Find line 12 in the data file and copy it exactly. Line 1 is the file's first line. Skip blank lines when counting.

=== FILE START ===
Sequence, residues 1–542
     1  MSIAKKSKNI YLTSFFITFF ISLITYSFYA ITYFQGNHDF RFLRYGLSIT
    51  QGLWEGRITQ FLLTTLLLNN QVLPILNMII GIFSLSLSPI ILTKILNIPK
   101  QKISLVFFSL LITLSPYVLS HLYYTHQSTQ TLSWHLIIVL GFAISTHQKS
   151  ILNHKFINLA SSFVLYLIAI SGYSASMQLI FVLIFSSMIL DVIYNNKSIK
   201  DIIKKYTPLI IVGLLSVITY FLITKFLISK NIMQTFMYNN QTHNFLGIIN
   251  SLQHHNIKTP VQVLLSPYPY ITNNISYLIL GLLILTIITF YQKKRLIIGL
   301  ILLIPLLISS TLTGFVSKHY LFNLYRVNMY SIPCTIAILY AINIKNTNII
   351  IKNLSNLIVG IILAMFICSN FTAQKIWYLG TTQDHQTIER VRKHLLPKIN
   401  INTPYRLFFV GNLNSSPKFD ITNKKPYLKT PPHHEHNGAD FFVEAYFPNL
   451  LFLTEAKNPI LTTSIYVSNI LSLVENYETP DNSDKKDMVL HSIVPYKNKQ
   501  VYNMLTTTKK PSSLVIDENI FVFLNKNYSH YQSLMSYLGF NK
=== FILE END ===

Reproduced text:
   501  VYNMLTTTKK PSSLVIDENI FVFLNKNYSH YQSLMSYLGF NK